Don't ask about the Hindi lettering, because I have no idea why they turn up. Must be some Google Plus/Facebook thing.

Ron Speer Celebration of Life 2015-08-23 (19 ภาพ)

Check out my book on history's first proposal for a democratic world government at:

My pictures of Ron Speer throughout the ...

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(Almost) All Candidates Meeting

(Almost) All Candidates Meeting

By John Taylor, for the Dunnville Free Press, published in the October Issue, 2015

The Dunnville Chamber of Commerce sponsored an all-candidates question and answer session at the Legion Hall on the 8th of October, 2015. In attendance were (in the order listed by the Chamber of Commerce) Les Bory, running as an independent, Dave Bylsma of the Christian Heritage Party (CHP), Wayne Ettinger of the Green Party, John Harris of the New Democratic Party (NDP) and Joan Mouland of the Liberal Party. Conspicuous in her absence was the incumbent, Diane Finley of the Conservatives. Audience members submitted written questions, of which there was time for each of the would-be Members of Parliament to answer about ten.

The moderator cautioned the participants to talk about what they are for, not what they are against, and to be civil. On the whole, that is how it went. To start off, candidates were given three minutes to introduce themselves. Dave Bylsma has run eight times for the CHP, here and in St. Catherines, in every election since 1993. His party holds that families are the building blocks of society, and is the only one to take a stand against abortion and for opposite sex marriage. A solution they offer is smaller government.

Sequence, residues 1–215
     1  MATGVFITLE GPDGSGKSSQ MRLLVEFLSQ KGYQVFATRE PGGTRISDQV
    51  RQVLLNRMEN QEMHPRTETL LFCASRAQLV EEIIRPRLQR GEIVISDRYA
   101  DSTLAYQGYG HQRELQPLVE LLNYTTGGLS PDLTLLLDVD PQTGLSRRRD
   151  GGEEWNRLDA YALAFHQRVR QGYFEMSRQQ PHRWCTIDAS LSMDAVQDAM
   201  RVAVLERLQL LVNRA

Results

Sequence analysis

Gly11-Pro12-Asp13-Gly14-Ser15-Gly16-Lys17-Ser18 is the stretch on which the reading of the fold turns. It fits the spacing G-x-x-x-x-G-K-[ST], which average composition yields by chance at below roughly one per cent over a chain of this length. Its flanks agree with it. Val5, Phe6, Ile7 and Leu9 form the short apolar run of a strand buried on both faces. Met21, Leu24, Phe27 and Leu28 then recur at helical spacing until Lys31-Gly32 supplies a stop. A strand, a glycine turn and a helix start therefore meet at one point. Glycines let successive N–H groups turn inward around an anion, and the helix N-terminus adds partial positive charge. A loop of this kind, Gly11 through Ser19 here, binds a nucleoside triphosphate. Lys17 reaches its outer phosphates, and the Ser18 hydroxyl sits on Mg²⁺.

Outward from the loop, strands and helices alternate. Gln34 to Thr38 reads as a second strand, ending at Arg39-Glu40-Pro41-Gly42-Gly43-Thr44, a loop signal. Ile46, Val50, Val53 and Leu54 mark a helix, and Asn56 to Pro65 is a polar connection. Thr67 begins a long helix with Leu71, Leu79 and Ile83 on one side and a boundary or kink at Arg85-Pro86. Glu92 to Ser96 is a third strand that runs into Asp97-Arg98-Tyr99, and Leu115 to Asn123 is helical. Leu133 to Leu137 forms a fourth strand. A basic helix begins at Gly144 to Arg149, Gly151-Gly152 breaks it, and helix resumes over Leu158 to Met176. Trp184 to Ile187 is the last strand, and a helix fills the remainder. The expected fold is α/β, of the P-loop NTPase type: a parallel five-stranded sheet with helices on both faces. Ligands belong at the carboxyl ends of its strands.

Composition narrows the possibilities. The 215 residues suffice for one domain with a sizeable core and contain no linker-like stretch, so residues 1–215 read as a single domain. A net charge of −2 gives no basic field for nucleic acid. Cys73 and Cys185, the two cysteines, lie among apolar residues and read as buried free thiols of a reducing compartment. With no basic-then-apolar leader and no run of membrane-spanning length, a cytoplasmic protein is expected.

Joan Mouland, a lawyer from Simcoe, is the recently chosen Liberal candidate. She is running here for the first time. She pointed out that Justin Trudeau is bringing youth into politics, and that his father, Pierre Trudeau, should be remembered for devolving power to local MP’s. Wayne Ettinger of the Green Party was a farmer for thirty years and now is running a small railroad between Port Colborne and St. Catherines. He is running because he is upset with the dirt in politics. He pointed out that Elizabeth May, his party leader, was voted hardest working parliamentarian by her peers in Ottawa. Greens are for a national pharmacare program and free post-secondary education.

John Harris of the NDP stated that he has an academic background in political science, specifically, political theory. He thinks we should ask, what change do we want? Haldimand has had job losses, so he would work with businesses to bring work here. We should also, his party holds, abolish the senate and eliminate poverty among seniors. Leslie Borie has run five times. He is an independent but his sympathies are with the Maple Party of Canada. Perhaps the most radical and declamatory of the candidates, he would nationalize the banks and oppose the “corporate parties” who keep us in perpetual debt, with interest payments sucking public money into private hands. His slogan is: “We will live better if we vote better.”